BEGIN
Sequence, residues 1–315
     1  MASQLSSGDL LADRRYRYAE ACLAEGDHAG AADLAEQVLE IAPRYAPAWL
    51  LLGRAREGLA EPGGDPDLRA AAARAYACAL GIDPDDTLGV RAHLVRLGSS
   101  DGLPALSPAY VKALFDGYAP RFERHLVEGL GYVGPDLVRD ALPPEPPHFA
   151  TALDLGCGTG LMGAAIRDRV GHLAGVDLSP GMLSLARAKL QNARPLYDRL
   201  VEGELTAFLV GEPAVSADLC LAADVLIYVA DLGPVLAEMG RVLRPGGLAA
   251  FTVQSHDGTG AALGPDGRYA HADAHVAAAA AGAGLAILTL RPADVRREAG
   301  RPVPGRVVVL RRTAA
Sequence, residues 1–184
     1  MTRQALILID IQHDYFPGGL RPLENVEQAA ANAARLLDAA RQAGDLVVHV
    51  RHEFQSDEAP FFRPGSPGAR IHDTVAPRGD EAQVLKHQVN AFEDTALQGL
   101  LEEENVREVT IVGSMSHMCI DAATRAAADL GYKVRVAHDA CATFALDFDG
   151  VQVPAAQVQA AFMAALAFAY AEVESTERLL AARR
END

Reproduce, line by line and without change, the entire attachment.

Sequence, residues 1–315
     1  MASQLSSGDL LADRRYRYAE ACLAEGDHAG AADLAEQVLE IAPRYAPAWL
    51  LLGRAREGLA EPGGDPDLRA AAARAYACAL GIDPDDTLGV RAHLVRLGSS
   101  DGLPALSPAY VKALFDGYAP RFERHLVEGL GYVGPDLVRD ALPPEPPHFA
   151  TALDLGCGTG LMGAAIRDRV GHLAGVDLSP GMLSLARAKL QNARPLYDRL
   201  VEGELTAFLV GEPAVSADLC LAADVLIYVA DLGPVLAEMG RVLRPGGLAA
   251  FTVQSHDGTG AALGPDGRYA HADAHVAAAA AGAGLAILTL RPADVRREAG
   301  RPVPGRVVVL RRTAA
Sequence, residues 1–184
     1  MTRQALILID IQHDYFPGGL RPLENVEQAA ANAARLLDAA RQAGDLVVHV
    51  RHEFQSDEAP FFRPGSPGAR IHDTVAPRGD EAQVLKHQVN AFEDTALQGL
   101  LEEENVREVT IVGSMSHMCI DAATRAAADL GYKVRVAHDA CATFALDFDG
   151  VQVPAAQVQA AFMAALAFAY AEVESTERLL AARR